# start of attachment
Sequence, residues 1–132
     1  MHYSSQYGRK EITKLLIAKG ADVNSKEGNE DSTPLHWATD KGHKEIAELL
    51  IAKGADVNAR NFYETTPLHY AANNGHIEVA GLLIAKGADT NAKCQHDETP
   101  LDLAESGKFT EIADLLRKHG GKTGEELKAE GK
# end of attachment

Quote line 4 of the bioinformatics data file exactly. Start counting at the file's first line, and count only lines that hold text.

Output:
   101  LDLAESGKFT EIADLLRKHG GKTGEELKAE GK